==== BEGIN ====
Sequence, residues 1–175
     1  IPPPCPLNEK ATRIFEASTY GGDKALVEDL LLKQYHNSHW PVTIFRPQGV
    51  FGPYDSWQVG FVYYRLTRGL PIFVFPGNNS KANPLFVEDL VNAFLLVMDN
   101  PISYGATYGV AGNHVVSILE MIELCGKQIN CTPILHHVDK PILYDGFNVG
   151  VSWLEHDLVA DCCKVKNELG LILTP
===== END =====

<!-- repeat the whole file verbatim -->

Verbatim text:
Sequence, residues 1–175
     1  IPPPCPLNEK ATRIFEASTY GGDKALVEDL LLKQYHNSHW PVTIFRPQGV
    51  FGPYDSWQVG FVYYRLTRGL PIFVFPGNNS KANPLFVEDL VNAFLLVMDN
   101  PISYGATYGV AGNHVVSILE MIELCGKQIN CTPILHHVDK PILYDGFNVG
   151  VSWLEHDLVA DCCKVKNELG LILTP